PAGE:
A follow-up this morning on our story about the controversial board elections at the Seward Park Cooperative on Grand Street.
As we reported earlier in the week, an apparent voting machine snafu during last month’s balloting called the results into question. A limited re-vote (in only one of four buildings of the sprawling housing complex) was scheduled for this coming Tuesday. Some residents were outraged, saying a co-op wide re-vote was required. The former board president, Margarett Jolly resigned in protest, telling shareholders that one faction on the board was trying to “force a preordained election outcome.”
Now Tuesday’s re-vote has been canceled. Wednesday night, the board voted unanimously to put the election on hold, probably until the fall. There was no indication whether all shareholders will have the right to cast ballots or precisely when the new election will take place.
Eric Mandelbaum, the board’s secretary, said in a memo distributed last night:
We took (this) action because it was necessary; the goal of a proper and expeditious re-polling was severely undermined by logistical errors and failures in the distribution of the proxy package. These errors exacerbate legal questions surrounding the completion of our 2011 Election. Accordingly, the Board also voted unanimously last night to task Election Chair Bill King with a search for legal counsel with expertise in coop election law… These delays in obtaining definitive results are wearisome and inconvenient for so many cooperators, not to mention candidates, and even Directors. It has been trying for all; and this year, all because of an apparent machine error.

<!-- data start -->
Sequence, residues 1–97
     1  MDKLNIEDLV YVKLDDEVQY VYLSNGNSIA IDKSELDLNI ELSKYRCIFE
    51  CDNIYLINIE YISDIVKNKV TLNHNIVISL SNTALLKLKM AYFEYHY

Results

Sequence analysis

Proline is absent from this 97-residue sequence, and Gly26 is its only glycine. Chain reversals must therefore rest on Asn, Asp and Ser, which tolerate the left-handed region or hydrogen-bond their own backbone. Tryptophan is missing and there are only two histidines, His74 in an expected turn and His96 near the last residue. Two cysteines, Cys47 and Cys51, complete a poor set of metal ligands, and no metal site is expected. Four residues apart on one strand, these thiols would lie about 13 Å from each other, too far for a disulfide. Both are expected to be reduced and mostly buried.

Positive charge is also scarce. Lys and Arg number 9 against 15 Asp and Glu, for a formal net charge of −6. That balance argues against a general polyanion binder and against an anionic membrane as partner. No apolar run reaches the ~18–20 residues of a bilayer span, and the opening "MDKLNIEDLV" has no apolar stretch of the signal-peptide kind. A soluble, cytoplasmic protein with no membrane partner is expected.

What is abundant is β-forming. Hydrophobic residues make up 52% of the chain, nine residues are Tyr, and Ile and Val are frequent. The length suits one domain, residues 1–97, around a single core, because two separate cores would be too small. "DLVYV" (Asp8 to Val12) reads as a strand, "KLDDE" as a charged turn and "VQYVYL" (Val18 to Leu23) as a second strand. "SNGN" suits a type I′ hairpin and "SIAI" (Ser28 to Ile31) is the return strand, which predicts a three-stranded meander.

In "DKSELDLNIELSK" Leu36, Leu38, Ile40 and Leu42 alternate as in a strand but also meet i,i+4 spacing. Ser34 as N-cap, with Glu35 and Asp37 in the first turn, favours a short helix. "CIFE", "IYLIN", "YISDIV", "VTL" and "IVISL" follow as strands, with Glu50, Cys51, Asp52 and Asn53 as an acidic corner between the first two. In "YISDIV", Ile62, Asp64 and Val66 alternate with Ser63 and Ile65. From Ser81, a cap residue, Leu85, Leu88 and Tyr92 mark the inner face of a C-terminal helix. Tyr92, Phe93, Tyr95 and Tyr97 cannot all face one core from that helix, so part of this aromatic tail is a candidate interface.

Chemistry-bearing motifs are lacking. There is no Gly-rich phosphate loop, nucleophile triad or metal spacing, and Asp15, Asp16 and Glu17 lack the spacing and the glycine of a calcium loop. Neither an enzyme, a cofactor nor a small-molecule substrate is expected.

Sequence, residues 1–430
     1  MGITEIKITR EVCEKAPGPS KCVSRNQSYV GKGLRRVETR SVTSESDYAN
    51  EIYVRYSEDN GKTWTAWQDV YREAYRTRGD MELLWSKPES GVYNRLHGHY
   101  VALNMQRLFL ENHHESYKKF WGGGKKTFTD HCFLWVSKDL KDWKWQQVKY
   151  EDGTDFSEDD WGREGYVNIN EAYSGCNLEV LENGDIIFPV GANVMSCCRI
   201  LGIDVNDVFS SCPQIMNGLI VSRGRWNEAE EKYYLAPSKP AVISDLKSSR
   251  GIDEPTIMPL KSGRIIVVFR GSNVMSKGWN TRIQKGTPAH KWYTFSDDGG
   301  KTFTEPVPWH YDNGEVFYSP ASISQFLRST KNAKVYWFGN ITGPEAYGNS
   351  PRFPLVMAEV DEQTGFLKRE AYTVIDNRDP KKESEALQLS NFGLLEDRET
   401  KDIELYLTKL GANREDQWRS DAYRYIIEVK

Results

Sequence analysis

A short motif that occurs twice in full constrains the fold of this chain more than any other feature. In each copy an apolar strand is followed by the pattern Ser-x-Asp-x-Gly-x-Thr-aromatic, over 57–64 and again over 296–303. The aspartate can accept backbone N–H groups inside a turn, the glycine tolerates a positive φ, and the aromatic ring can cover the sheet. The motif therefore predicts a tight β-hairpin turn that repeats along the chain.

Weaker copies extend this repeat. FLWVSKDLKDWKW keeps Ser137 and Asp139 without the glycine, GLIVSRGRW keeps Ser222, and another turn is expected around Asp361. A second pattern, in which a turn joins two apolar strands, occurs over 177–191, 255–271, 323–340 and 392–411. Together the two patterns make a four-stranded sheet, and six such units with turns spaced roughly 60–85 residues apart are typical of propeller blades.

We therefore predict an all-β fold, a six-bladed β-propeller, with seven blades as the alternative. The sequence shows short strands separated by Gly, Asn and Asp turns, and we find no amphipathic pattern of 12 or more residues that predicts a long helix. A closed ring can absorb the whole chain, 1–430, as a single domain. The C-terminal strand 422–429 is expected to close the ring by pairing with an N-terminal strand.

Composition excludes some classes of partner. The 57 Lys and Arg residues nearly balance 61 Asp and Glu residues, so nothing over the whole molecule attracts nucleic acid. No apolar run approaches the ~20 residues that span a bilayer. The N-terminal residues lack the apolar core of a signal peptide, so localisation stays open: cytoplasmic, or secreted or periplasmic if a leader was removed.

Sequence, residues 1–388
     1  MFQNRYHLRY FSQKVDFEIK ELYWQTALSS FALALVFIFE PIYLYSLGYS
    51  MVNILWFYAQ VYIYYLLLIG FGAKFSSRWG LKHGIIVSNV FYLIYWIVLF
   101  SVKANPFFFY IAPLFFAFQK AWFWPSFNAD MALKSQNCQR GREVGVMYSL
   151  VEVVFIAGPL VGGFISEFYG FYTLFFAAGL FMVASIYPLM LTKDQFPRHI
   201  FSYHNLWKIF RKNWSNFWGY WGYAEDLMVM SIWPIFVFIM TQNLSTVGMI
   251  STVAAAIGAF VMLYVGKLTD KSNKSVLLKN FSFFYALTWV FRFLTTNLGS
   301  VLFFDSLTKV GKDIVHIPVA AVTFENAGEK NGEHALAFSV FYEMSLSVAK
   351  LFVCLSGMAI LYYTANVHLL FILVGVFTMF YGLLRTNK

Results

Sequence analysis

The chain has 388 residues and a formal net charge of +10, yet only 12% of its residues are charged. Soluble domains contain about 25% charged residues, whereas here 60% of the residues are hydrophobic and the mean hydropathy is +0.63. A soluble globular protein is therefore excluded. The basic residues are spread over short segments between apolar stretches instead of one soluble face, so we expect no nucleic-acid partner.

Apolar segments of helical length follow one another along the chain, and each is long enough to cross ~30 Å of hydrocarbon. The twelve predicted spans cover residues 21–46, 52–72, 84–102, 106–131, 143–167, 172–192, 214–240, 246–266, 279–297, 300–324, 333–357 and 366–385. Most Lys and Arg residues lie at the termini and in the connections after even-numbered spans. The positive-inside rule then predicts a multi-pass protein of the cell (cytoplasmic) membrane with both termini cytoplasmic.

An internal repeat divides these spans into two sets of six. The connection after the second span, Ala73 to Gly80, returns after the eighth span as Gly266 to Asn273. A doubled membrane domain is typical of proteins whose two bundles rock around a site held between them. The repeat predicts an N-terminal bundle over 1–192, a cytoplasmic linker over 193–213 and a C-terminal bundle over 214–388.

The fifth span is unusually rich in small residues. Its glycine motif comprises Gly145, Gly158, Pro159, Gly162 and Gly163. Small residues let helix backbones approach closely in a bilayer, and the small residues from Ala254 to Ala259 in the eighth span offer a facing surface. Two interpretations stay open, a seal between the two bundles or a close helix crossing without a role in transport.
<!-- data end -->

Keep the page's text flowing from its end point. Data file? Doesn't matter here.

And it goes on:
During the meeting, some board members expressed concern about how the story was playing out in the media. A New York Times article on Seward Park earlier this week had Grand Street buzzing. Mandelbaum, an incumbent defeated in last month’s election, said the board originally opted for the limited re-vote on the advise of Arthur Weinstein, the co-op’s attorney.